By Adam Madison
Capt. Bruno de Solenni, 32, has found a new family among his comrades in arms while serving in Afghanistan with the Oregon National Guard, but his Crescent City family would like him home.
Mario de Solenni, Bruno's father and a Crescent City lawyer, said he thinks about his son andquot;all the time, and it's hard to talk about it without crying.andquot;
Mario said his son had served more than a year in Egypt, a year and a half in Iraq and is now training Afghan military to fight against the Taliban while fighting off Taliban attacks.
Mario said a recent article in a Portland newspaper (which is reprinted in today's Triplicate) shed light on the hardships his son is facing.
andquot;He's in Afghanistan until December; hopefully he'll be home for Christmas,andquot; said Mario, doubt apparent in his voice. andquot;I hope he comes back alive and in one piece.andquot;
Mario said his son was a timber-faller and a fisherman in Del Norte County when he began serving with the Oregon National Guard.
andquot;He's got a boat down in the harbor, the Sea Bell,andquot; Mario said.
He said he raised his sons, Gino, Bruno and his twin brother, Ricardo, locally and that the seclusion of Crescent City is what brought him here from Los Angeles.
andquot;Last weekend I've been here 40 years, I couldn't believe it's been that long,andquot; said Mario this week.
andquot;My goal as long as I lived in the L.A. area was to get as far out of the area as I could,andquot; he said, laughing. andquot;Del Norte County was as far as I could get away from L.A. without having to retake the bar exam.andquot;
Bruno graduated in 1994 from Del Norte High School, where he played soccer.
Even though Mario doesn't support the war in Afghanistan or the Iraq war, he said he wholeheartedly supports his son.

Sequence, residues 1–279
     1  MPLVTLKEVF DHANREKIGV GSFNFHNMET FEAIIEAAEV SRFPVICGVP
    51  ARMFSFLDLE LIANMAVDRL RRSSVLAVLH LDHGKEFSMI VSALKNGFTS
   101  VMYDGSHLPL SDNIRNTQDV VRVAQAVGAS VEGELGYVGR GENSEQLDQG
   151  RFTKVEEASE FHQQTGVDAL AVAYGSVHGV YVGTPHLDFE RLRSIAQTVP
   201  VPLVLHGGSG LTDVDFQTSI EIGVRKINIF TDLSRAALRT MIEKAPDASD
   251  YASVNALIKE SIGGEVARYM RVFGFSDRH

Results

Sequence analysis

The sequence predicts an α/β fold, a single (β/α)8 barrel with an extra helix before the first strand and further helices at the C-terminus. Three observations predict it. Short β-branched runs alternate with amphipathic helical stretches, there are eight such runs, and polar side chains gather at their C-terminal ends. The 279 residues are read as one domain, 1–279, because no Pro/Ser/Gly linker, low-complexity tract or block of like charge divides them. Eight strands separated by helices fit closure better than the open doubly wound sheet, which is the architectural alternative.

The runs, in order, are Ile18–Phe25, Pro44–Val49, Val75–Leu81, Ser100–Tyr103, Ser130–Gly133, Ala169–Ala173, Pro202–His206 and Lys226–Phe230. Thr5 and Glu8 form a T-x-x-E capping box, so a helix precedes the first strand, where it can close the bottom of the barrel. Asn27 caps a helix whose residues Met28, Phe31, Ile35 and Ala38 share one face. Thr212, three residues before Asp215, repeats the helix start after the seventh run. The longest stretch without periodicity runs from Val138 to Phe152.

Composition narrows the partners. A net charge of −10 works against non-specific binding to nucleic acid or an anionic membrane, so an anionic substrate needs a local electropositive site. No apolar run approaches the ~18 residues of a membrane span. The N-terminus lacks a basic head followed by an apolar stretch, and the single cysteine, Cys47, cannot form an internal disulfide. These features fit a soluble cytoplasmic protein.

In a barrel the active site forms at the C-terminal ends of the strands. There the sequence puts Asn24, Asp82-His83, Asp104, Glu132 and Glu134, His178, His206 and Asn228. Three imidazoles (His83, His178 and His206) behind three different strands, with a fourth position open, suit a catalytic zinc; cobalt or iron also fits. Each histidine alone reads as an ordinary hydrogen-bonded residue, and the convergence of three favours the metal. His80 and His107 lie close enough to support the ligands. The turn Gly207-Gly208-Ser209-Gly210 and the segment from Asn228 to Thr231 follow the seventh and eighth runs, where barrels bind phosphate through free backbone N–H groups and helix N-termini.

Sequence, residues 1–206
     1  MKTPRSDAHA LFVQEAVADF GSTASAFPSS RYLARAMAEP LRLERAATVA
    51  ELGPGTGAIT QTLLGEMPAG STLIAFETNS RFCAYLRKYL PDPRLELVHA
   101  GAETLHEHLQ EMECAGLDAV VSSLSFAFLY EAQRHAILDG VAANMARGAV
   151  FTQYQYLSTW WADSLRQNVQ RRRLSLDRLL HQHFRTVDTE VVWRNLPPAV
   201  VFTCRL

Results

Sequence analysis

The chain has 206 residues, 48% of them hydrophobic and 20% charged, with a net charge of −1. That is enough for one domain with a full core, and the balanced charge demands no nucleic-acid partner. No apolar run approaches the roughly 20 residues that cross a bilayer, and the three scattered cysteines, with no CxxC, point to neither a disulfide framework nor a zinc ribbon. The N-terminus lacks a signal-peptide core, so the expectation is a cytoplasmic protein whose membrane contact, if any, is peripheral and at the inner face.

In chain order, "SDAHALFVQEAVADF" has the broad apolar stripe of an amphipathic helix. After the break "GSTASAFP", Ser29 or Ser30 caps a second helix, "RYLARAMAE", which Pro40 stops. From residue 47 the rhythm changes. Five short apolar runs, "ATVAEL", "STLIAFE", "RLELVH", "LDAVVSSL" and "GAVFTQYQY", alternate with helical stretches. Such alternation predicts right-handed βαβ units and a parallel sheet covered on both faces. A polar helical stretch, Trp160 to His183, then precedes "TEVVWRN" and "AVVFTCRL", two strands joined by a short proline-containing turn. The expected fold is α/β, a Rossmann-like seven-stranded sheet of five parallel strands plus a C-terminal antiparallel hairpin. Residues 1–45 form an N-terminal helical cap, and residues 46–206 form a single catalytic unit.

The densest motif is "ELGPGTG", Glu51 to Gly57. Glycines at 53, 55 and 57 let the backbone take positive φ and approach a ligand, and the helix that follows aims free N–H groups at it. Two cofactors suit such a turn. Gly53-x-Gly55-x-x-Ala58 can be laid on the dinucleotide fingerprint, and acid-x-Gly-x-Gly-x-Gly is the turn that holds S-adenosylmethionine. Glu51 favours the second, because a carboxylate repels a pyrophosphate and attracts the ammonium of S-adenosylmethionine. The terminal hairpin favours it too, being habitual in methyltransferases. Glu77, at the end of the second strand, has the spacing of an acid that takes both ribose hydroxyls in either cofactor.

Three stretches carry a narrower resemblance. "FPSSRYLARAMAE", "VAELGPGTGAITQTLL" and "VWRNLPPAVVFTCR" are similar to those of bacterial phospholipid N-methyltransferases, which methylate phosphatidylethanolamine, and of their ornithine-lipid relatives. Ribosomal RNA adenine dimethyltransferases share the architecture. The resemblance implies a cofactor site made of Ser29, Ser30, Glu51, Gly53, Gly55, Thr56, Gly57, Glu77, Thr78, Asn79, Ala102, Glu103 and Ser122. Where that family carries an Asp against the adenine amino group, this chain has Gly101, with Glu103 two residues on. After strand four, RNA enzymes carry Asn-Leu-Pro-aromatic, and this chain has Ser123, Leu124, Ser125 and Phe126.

andquot;I respect and defend his position in the war, but I don't support the war,andquot; Mario said. andquot;We're in there now and we obviously need to do something about it.andquot;
Mario said his father, Gino de Solenni Sr., fought in both world wars, which may have had something to do with Bruno's decision to join the Guard.
andquot;His grandfather served in World War I and World War II and was a captain in the U.S. Army,andquot; said Mario, adding that after the wars he became a major.
Bruno's mother, California Martin, who has been a teacher at Del Norte High for 24 years, provided more background into her son's decision to join the Oregon Guard.
andquot;He's always been fascinated with the military and history,andquot; said andquot;Caliandquot; Martin.
She said Bruno joined the Oregon Guard because he was able to do that part-time while working toward his bachelor's degree from Southern Oregon University in Ashland.
Cali said Bruno's knowledge of history made him andquot;realize there's a jihad going on at this very moment and this has happened throughout history.andquot;
She said Bruno's philosophy on war changed drastically after the World Trade Center attacks on 9/11.
Cali said after the attacks he said andquot;either we deal with the terrorists here or over there.andquot;
Bruno's twin brother, Ricardo, owner of Wood's Plumbing in Crescent City, felt the same way as their father about his brother joining the Guard.
andquot;You know, I didn't agree with it, but it was his choice,andquot; Ricardo said.
He has been in constant contact with his brother, and talked with him by satellite phone recently.
andquot;I talked to him the other day. He's perky, but he's lost a lot of weight.andquot;
Ricardo said he didn't know what was wrong with his brother, just that he was sick and has lost 30 pounds.
andquot;He's lost too much weight to go back out on patrol.andquot;
The weight loss wasn't bothering his brother as much as not being able to go out on patrol, said Ricardo.
andquot;He said he feels really guilty about it you have friends out there so you want to go back in,andquot; he said.
Ricardo said the horrors that Bruno has witnessed since being in Afghanistan make him believe he needs to be there.
andquot;You've never walked into a village and seen what the Taliban do,andquot; Ricardo said his brother told him. andquot;They beat people, behead them, you've never seen the aftermath.andquot;
Ricardo wishes his brother was home, so he didn't have to worry about who was shooting at him, or how sick he was and not being able to do anything about it.
andquot;I want him to come home, I don't want him to be over there, that's for sure,andquot; he said. andquot;Like any other family member.andquot;
Ricardo said the camaraderie Bruno felt with the men he served with in Egypt and Iraq and the newfound friends he has made in Afghanistan have kept his brother in the Guard.
andquot;He's got a good relationship with all of the guys over there and I think that's what keeps him going,andquot; Ricardo said.